Pete Buttigieg on wine caves and white privilege
Democratic presidential candidate Pete Buttigieg tours the Golden Grain Energy ethanol plant in Mason City on Nov. 4. (Photo by Scott Olson/Getty Images)
Pete Buttigieg knew he would come under attack from fellow Democrats when he started to break into the top tier of contenders for the 2020 nomination. Indeed, the phrase “wine cave” trended on Twitter before Christmas, when rival Elizabeth Warren brought up a high-dollar fundraiser Buttigieg had attended in Napa Valley.
“I’m more of a beer guy,” Buttigieg said in a recent interview with Iowa Capital Dispatch. “I enjoy wine but I don’t know much about it,” he added with a shrug.
The candidate known as Mayor Pete by his supporters has been called much worse names than #winecavepete on the Internet, to the point that the New York Times last month published a Sunday magazine article titled “How the Internet Came to Loathe Pete Buttigieg.” He’s been accused of being “bourgeois,” a term that disparages middle-class, capitalist values that serve to protect the wealthy.
“You know that as you advance, people are going to come at you. I’d say the tone of it on the internet has been a little over the top, especially from folks who we share 90 percent of the same values and ideas,” he said. “But it’s the heat of competition. I get it.”
His family may not be quite as sanguine. “It’s a good thing that Mom’s not on Twitter,” he joked. His husband, Chasten, “famously is (on Twitter) but I think the two of us have both learned to spend less time on social media.”
Despite the vitriol, Buttigieg has maintained his top-tier status in Iowa. One recent poll by CBS News and YouGov showed him in a three-way tie at 23 percent with Joe Biden and Bernie Sanders. Warren and Amy Klobuchar rounded out the top five. The Des Moines Register/CNN Iowa Poll released Friday had Buttigieg slipping behind Sanders and Warren but still holding a spot in the top tier.
Part of the reason for that may be the former South Bend mayor’s unwillingness to be distracted by the circular firing squad characterized by what he calls “purity issues.”
“I get the politics of it, and folks need to distinguish themselves, but I’m trying to make sure we keep an eye on the big picture here. And the fact that this is partly a contest for who’s going to be ready to take on Donald Trump and the fight of our lives.”
But he says he sees a hazard for Democrats in the general election from what he calls the “lurch to the extremes that would say nothing counts unless it goes all the way.”
There’s a slight edge to his voice as he continues: “Yeah, this idea that, you know, (a) game-changing proposal on college affordability doesn’t count unless you also make tuition free for the top 10 percent” of income earners.
Warren and Sanders have proposed free college tuition for all Americans; Buttigieg also has a free college plan but would reduce benefits for higher-income people.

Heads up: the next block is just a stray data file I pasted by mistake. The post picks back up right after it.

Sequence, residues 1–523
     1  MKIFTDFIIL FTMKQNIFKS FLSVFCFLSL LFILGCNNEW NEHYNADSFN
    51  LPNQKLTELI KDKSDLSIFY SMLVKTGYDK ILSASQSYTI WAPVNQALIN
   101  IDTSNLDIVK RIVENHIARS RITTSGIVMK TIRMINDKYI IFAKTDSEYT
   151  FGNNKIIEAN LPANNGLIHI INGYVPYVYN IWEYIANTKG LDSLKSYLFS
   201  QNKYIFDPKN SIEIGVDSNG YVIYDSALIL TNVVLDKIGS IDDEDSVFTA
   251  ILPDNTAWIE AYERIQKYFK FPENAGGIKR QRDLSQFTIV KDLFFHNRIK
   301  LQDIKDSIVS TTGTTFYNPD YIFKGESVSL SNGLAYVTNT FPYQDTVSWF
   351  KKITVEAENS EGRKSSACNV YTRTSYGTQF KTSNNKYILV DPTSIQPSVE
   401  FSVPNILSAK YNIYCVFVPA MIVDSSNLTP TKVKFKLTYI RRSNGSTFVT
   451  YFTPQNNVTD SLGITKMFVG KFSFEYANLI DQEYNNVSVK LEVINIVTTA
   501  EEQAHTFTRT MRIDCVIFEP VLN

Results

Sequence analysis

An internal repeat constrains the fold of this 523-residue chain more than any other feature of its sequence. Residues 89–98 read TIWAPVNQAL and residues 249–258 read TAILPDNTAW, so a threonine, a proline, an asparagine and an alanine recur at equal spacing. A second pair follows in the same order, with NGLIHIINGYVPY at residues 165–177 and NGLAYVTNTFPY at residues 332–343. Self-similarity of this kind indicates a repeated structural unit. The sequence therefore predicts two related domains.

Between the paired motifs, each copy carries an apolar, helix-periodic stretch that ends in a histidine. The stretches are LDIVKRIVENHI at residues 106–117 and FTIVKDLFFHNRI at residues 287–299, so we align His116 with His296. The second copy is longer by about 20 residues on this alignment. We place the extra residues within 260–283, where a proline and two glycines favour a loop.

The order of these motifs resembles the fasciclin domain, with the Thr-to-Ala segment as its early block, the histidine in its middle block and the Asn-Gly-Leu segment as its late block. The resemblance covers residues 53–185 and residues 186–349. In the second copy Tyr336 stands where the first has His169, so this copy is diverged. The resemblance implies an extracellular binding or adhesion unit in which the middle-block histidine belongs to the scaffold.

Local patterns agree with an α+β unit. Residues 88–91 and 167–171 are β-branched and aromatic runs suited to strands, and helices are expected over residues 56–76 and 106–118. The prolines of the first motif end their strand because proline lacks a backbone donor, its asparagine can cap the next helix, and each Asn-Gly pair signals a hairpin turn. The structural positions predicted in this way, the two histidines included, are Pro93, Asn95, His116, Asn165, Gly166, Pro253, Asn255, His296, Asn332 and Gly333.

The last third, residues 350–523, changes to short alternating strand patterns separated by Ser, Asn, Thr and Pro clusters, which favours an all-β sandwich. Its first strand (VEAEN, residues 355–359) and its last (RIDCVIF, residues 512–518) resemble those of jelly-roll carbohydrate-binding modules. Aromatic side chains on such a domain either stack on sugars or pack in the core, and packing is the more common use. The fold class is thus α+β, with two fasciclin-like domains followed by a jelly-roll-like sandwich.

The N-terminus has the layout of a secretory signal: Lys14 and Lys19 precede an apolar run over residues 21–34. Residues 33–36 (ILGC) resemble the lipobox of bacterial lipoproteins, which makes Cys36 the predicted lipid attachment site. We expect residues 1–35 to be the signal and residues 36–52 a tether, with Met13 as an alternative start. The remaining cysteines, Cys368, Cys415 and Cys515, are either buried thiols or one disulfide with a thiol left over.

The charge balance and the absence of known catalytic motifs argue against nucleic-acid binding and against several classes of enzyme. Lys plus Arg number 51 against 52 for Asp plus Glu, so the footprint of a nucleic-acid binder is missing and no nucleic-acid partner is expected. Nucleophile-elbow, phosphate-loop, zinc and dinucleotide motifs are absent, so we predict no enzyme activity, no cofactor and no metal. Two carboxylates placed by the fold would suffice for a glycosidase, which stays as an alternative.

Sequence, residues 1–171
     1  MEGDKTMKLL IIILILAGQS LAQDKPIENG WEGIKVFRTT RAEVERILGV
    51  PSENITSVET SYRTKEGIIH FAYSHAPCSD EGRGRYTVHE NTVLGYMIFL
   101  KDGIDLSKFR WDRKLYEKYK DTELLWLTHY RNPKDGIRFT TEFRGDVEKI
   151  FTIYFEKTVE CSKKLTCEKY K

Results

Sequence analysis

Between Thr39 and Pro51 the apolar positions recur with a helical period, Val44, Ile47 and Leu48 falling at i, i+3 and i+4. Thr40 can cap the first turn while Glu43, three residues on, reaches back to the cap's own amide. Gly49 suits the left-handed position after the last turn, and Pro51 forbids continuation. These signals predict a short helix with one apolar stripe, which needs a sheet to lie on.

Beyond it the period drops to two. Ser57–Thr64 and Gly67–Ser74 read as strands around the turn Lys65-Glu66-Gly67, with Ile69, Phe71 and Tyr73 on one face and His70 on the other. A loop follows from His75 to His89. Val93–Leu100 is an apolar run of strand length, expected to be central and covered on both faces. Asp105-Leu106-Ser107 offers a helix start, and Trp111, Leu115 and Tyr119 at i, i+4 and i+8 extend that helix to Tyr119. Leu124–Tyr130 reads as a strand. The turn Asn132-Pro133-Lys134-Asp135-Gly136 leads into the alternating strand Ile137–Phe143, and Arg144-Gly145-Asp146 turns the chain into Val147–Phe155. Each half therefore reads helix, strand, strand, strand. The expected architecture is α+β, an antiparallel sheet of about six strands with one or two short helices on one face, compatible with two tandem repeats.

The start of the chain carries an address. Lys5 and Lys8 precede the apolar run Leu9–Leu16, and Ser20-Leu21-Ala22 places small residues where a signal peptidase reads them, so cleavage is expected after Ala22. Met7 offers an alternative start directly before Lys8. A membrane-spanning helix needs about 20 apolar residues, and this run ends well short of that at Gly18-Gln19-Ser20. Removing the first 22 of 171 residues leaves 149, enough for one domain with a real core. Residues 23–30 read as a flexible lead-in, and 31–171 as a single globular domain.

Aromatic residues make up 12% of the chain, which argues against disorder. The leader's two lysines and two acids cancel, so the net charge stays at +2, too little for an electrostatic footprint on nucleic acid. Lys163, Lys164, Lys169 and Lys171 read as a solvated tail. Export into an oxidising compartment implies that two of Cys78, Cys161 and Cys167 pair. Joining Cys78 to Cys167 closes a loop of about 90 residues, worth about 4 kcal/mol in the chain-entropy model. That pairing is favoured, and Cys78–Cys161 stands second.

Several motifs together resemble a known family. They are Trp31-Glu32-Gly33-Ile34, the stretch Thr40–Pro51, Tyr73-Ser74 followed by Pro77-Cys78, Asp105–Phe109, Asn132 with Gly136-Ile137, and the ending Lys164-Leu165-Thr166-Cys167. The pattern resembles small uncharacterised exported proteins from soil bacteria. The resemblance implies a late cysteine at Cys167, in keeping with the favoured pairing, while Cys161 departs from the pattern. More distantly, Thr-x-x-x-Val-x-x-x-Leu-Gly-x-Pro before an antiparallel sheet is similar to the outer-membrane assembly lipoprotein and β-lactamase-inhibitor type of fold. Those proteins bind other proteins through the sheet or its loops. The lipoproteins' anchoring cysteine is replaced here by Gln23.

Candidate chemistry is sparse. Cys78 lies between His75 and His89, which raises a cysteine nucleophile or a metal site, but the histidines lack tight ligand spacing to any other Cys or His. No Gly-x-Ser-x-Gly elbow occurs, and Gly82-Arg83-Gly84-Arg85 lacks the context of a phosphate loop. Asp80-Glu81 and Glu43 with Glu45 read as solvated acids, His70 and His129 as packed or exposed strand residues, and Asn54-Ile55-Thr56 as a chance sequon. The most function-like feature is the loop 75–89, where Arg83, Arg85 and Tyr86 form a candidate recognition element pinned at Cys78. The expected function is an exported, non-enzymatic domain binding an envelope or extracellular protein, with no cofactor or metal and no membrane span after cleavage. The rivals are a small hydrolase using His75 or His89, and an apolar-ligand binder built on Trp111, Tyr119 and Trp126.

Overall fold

He takes issue with the idea that Democrats can’t raise campaign money from millionaires and billionaires but they can give their kids free college tuition.
“Sometimes I will be in a room with a lot of wealthy people, letting them know that if they support me and we get our way, their taxes are gonna go up,” he said.
He does not dismiss those who attribute his success, at least in part, to the spoils of “white privilege,” however.
Buttigieg calls his upbringing “solidly middle class.” His father was a literature professor at Notre Dame in South Bend, Indiana. “I went and looked up the house I lived in as a little kid, just to see what it’s going on the market for now. I think it’s 60,000 bucks,” he said.
But, he added, “You know, we were better off than I think I realized. … We were fine. We were definitely not wealthy but not struggling either.”
He didn’t get into Harvard because his ancestors went there, he said. “I just did really well in high school.”
But, he adds, “a lot of things that just sort of quietly benefited me are things that you’re more likely to experience in America if you’re white.”
“We talk a lot about inherited wealth in the country. That’s not just an issue for inheriting great fortunes,” he said. “The difference between, you know, starting out in a household that’s got, you know, 40,000 bucks versus zero is huge. And there’s a very strong racial pattern to that.”
He’s not apologizing for it, though.
“I think the really important thing is to think about how to make myself useful to others. And it’s part of how I, without ever comparing experiences, but it’s part of how I try to share my story as somebody whose rights were expanded by others. Many of whom were nothing like me,” he said.
Buttigieg, who would be the first openly gay president if elected, doesn’t always mention it without being asked. But he adds:
“Yeah, a lot of straight people in good places like Iowa helped bring marriage equality to people like me. So it helps me understand how I need to make myself useful to people who are on the wrong side of some of these fences of privilege that we have to acknowledge.”
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